WasteCare Wants You to Remember: Most businesses, and homes, have some degree of hazardous chemicals: paints and solvents, pesticides, motor oil are common. To ensure your safety, make sure you store these in a location that complies with the directions provided on the label. However, if your business deals in much larger quantities, it’s imperative that you stay up to date with your state and federal regulations for handling, storage, and disposal. Failure to do so not only places your employees and community at risk, but can also cost you “green” in big fines and penalties!
Government officials from Philadelphia, Pennsylvania recently announced that the city has succeeding in surpassing its seventy percent municipal waste diversion goal rate for the second year in a row.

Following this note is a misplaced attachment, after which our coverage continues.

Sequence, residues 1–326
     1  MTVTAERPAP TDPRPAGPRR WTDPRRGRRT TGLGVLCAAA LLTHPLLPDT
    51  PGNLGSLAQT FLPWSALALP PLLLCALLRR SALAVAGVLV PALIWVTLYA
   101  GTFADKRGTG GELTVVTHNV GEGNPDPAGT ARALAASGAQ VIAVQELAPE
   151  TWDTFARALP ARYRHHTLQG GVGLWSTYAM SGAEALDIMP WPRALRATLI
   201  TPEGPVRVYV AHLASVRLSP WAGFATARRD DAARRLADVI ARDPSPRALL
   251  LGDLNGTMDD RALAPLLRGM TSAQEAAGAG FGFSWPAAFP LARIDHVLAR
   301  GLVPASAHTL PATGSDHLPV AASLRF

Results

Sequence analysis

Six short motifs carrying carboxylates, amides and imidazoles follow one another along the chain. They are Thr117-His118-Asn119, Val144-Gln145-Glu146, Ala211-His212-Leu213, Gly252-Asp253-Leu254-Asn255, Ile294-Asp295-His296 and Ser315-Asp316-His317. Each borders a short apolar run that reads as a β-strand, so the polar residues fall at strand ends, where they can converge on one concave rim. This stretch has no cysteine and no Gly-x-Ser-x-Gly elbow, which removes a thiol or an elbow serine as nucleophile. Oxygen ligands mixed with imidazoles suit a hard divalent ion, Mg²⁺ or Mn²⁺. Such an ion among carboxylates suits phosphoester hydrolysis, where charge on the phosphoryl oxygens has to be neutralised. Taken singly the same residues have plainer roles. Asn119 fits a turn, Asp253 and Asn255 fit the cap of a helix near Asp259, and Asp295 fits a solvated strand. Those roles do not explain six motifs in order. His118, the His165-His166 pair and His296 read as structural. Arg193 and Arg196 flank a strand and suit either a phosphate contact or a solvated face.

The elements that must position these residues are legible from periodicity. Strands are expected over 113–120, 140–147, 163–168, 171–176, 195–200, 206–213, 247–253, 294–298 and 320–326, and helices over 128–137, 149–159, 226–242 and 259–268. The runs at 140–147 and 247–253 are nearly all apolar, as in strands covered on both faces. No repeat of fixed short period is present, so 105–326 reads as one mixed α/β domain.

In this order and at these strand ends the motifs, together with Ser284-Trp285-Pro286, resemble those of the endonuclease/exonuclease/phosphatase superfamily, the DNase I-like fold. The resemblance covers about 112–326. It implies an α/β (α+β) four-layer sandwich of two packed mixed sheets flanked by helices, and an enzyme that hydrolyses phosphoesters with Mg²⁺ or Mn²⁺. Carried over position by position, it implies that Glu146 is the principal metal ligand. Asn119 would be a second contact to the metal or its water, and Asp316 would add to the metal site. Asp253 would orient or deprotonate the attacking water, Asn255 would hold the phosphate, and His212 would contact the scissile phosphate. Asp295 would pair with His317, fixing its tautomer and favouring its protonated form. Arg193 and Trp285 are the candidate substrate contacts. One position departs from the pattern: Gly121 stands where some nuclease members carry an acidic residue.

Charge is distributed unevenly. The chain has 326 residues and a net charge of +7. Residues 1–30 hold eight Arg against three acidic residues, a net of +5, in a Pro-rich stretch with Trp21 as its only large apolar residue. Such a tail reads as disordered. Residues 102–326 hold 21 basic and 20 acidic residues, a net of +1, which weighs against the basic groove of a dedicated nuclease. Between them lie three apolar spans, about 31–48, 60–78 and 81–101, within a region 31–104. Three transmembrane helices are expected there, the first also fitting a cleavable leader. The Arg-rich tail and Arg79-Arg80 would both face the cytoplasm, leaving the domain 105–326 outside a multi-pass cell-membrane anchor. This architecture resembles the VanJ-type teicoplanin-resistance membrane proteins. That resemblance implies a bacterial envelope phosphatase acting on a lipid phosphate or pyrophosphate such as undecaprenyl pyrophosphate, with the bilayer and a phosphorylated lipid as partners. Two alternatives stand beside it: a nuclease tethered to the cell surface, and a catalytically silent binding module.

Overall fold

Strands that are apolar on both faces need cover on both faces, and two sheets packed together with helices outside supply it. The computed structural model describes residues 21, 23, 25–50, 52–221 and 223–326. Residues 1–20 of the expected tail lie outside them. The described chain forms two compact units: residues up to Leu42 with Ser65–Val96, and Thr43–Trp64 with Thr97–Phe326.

Based on data in the city’s 2014 Philadelphia Greenworks Progress Report, nearly all municipal solid waste is being diverted from landfills as a result of aggressively utilizing waste to energy conversion and waste recycling programs.
Philadelphia residents and businesses surpassed the Greenworks goal of seventy percent diversion of waste for the first time in 2012 with a seventy-three percent rate. Prior to the Greenworks strategic waste reduction goal, the city’s diversion rate was fifty three percent. Improvements in recycling rates were seen across all target areas and business sectors.